March 17
Former U.S. Republican Senator Scott Brown, appears at the Northeast Republican Leadership Conference in Nashua, New Hampshire March 14, 2014. REUTERS/Gretchen Ertl (UNITED STATES - Tags: POLITICS)
Former U.S. senator Scott Brown at the Northeast Republican Leadership Conference in Nashua, N.H., on March 14 (Gretchen Ertl/Reuters)

Nobody really uses carpetbags anymore, but I am informed by the Internet that in the 1860s, when the term “carpetbagger” was coined to refer to Northerners who moved to the South to find profit in the wake of the Civil War, they were quite the high-fashion accessory. Oh, the envy with which the lowly masses would behold the pimpernel who could store his traveling clothes in a smart carpetbag! These days, if you’re going to seek your fortune, personal or political, far from where you began, you need only bring an abiding love for your adopted home.

Which brings us to Scott Brown, the firm-jawed, amiable politician who was briefly the hero of the tea party after he won a special election in 2010 — until he was beaten rather handily by Elizabeth Warren two years later. Sensing that Massachusetts is just not fertile ground for a Republican, moderate or not, Brown now has cast his gaze northward to New Hampshire. He’s formed an exploratory committee and released a video in which New Hampshirites (you can tell because they’re standing in the snow) beg him to run for Senate and save them from the horrifying nightmare that is being represented by Jeanne Shaheen.

So how is this looking so far? Well, a new poll from American Research Group shows Shaheen, a former governor who remains quite popular, leading by 12 percentage points, a result close to the 13-point lead she had in a recent Suffolk University poll. Back in January, Democratic firm Public Policy Polling had Shaheen with a lead of only three points, while a WMUR/Granite State poll at the time had her ahead of Brown by 10 points. From all those, we can surmise that Shaheen probably has a comfortable though hardly insurmountable lead.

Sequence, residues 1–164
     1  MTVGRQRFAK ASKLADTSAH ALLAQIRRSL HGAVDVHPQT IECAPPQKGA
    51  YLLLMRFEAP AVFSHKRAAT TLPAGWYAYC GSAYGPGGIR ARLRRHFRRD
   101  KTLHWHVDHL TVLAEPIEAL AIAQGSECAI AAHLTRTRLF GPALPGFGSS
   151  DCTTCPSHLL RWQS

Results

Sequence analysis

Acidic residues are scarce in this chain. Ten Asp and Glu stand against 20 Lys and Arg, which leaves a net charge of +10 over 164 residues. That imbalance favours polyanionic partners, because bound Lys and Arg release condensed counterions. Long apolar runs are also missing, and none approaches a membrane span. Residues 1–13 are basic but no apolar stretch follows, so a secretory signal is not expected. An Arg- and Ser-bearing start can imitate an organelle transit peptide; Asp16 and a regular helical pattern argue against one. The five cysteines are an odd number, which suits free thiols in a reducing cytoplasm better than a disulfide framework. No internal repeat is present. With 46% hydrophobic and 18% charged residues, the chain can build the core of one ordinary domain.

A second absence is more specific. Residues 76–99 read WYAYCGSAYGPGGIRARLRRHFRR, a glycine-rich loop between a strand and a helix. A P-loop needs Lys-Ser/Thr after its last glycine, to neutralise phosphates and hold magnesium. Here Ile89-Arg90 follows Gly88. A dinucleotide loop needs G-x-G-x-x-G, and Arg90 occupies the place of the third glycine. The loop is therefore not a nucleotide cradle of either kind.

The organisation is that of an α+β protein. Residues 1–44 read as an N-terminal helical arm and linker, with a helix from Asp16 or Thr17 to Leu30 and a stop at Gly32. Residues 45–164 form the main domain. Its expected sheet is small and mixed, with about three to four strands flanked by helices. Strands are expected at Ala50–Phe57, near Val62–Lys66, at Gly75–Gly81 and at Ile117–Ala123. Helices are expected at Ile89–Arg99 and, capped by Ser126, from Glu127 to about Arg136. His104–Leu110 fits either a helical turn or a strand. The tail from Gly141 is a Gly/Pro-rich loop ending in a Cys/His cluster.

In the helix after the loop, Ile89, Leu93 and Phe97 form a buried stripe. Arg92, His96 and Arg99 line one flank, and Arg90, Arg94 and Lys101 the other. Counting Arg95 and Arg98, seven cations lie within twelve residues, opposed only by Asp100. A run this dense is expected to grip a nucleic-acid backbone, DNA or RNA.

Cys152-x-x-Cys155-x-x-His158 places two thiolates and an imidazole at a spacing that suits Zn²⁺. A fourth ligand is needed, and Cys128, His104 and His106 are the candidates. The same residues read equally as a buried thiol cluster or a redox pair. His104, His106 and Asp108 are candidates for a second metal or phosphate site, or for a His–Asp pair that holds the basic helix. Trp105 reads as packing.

It is not unusual for candidates to move from one district or one state to another to run for office, and they always have to deal with the carpetbagger charge. It isn’t exactly a mortal sin — Hillary Clinton and others have easily swatted it away — but why should it matter? One answer, that the candidate won’t understand the state and its parochial concerns, never was very persuasive to me. The most important thing you want to know about a candidate is whether he’s from your party or not, because that tells you about 95 percent of the decisions he’ll make in office. Whether he can tell you the best way to get from Laconia to Ossipee off the top of his head isn’t really as revealing.

No, I think the real reason we hold something against carpetbaggers is that their willingness to go where they might get elected bespeaks an ambition we find unseemly. We want our politicians to be reluctant, to find politics distasteful and run for office only because their country needs them so darn much. It’s a lie they tell us and that and we demand from them.

The depth of Scott Brown’s Granite State roots should be about the 50th most important thing voters weigh in this race. On the other hand, should he defeat Shaheen, it would leave the Senate with a dearth of members with melodiously rhyming names. Now that’s something to consider.